Last May my daughter sent me a beautiful scarf for Mother’s Day.  I texted her the next morning and told her I was going to be wearing the scarf to work.  She replied, “That’s great!  Take a selfie and send it so I can see it.”

I’m being honest when I say that I’d never considered taking a picture of myself before this moment.  Sure, when I was a teenager, I spent my fair share of time staring at my own pouting face in the mirror.  But I’d never taken a selfie.

About halfway through this process, I discovered that button that turns the camera toward your face.  Although that made it easier, I was appalled at how these pictures turned out.  I was in a hurry to go to work, though, so I sent her the least offensive one, and spent the day trying to shake the willies off every time I thought about taking a selfie.

See what I mean?

See what I mean?

Okay, I’ve never been enamored of my own picture.   I can sing or speak in front of a thousand people, but when the camera comes out, I’m a thirteen year old with a bad case of acne and a terrible haircut.  My shoulders are crooked, my face looks like a squirrel who’s gathering nuts for the winter, and one eye squints more than the other one when I smile.  Och, I don’t think I’m terribly ugly, but I can’t hide my quirks in the eye of the camera.  So naturally, I’m also selfie-conscious.  As far as taking a picture of myself, I am happy to tick that experience off my list and never attend the Kim Kardashian School of Butt Crack Self Photography.

But there’s got to be a deeper message here, right?  After all, I’m an adult, so I need to walk away from this essay with something more meaningful to say than I’ll never take another selfie.

You know, if my daughter had asked for a picture even two years ago, my husband would have taken it.  He and I would have collaborated on the picture, and he would have told me ways to stand or how to put my face to the light.  It would have then been a shared experience. And that’s what really bugs me about selfies.  A selfie has no second eye. A selfie is insular.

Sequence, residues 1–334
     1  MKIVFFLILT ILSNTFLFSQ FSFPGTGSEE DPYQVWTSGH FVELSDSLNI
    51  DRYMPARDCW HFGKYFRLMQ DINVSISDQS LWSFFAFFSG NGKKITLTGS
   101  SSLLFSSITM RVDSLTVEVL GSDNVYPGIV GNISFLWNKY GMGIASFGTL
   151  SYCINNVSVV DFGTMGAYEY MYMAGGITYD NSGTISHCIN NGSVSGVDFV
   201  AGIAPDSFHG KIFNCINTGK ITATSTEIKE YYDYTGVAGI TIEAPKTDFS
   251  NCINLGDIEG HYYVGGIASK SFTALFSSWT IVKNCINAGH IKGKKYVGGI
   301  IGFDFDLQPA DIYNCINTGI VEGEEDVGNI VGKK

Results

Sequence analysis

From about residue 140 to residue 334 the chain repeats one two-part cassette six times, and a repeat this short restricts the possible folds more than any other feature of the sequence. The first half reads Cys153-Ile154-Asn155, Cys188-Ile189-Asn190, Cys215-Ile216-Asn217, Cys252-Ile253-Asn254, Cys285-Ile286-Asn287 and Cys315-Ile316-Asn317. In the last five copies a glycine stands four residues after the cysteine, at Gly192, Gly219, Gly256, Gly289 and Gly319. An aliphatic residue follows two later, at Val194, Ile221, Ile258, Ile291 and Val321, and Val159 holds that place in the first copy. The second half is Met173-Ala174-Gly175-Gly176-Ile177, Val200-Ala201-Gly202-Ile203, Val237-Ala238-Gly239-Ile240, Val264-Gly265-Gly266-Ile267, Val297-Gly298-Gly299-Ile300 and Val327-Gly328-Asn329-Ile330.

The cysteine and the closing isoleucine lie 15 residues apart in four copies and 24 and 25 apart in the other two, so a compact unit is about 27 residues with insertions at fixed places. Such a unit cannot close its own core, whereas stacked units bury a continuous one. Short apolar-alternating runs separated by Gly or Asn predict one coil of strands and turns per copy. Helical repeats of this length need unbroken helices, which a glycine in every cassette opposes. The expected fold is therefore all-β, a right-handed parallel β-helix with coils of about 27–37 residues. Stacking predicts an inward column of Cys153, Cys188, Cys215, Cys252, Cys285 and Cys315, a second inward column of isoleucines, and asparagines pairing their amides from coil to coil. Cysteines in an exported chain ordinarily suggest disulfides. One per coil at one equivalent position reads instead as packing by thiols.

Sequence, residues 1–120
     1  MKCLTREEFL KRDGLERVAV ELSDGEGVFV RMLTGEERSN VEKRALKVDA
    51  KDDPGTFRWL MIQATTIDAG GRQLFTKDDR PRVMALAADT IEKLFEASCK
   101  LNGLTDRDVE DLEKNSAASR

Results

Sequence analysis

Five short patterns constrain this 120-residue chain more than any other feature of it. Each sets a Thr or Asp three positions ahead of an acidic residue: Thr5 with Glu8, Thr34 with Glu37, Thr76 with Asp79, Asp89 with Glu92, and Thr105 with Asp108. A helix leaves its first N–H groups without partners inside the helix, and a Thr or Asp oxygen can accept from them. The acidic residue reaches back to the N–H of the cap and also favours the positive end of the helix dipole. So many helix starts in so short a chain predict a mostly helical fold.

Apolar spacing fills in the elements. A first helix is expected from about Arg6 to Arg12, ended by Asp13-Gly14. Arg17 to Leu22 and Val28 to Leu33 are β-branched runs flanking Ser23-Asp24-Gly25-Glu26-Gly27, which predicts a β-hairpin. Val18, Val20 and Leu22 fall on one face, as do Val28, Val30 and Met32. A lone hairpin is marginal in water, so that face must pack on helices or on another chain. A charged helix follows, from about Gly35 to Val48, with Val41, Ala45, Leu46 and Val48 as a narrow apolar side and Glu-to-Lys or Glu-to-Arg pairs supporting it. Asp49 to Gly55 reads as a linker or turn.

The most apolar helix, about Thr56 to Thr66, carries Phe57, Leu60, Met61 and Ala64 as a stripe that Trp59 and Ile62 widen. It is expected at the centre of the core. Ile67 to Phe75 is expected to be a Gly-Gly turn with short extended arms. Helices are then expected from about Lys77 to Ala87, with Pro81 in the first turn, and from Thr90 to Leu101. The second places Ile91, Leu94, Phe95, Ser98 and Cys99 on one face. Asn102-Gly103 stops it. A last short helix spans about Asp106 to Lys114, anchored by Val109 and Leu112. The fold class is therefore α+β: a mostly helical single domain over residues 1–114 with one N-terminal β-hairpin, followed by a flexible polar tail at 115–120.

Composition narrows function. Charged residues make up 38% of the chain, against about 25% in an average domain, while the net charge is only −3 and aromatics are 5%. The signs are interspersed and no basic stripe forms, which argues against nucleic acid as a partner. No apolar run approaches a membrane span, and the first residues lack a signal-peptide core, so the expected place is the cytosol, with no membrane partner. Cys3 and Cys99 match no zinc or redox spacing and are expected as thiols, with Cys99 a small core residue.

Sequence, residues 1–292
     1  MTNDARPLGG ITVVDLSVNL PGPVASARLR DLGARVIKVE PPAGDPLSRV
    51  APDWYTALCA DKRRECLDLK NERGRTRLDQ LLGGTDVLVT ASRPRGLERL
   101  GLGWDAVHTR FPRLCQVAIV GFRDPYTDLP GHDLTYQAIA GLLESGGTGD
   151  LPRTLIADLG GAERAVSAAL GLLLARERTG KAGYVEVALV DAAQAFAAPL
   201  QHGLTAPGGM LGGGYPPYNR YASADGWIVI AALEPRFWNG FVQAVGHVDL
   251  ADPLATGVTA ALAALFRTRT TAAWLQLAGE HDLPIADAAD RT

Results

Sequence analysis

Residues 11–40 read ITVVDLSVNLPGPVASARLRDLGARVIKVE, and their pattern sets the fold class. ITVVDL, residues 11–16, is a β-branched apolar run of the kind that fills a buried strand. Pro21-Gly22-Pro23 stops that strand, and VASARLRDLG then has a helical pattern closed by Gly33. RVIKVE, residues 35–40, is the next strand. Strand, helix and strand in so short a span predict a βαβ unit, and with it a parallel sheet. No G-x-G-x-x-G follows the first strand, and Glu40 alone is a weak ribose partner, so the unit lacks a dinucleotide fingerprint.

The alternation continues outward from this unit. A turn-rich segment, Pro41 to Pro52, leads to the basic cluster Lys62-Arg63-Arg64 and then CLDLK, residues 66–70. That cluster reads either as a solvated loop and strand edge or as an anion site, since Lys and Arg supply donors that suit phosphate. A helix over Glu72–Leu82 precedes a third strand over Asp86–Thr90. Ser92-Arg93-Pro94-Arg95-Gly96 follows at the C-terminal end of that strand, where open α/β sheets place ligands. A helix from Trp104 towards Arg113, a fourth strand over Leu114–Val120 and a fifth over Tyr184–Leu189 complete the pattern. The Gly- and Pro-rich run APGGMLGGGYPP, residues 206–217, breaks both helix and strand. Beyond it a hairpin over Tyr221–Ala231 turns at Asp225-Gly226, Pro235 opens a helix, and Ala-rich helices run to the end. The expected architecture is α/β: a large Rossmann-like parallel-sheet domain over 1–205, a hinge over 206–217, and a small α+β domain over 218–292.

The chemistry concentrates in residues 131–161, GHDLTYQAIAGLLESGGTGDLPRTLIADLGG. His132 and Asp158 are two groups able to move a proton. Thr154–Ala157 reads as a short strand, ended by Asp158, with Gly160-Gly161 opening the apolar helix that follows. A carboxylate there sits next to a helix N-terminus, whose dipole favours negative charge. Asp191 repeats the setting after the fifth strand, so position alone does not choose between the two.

My husband was recently in the airport in Paris.  He watched as a family of four attached a long arm to their camera so they could take better group selfies.  While I think using our cameras for the purpose of taking family or friend photos is pretty benign, isn’t it also a little bit sad?  The last time I visited Paris with my husband, we asked a stranger to take a photo of us on the steps of the Sacre Coeur.  Part of the expression on my face was related to the joy I shared with the stranger taking our photo.  That photo says to me, “Here we all are, on this planet together, sharing this beautiful day in this beautiful place.”  Have we lost that?  Are we too afraid to let people into our lives for long enough to release the private experience for a more planetary one?

So I have a plan.  Tomorrow I’m leading a workshop at a middle school.  I’m going to walk up to the first child I see, hand them my phone, and ask them to take my picture.  I’ll thank them, look them straight in the eye, and introduce myself. It will be a micro-connection with another human being, the kind of interaction we used to take for granted.  It’s a micro risk that our children are no longer taking, and I’m afraid of what the consequences will be if we grown-ups let our kids silently slide into the false sense of community that the selfie phenomenon perpetuates.  It’s a start.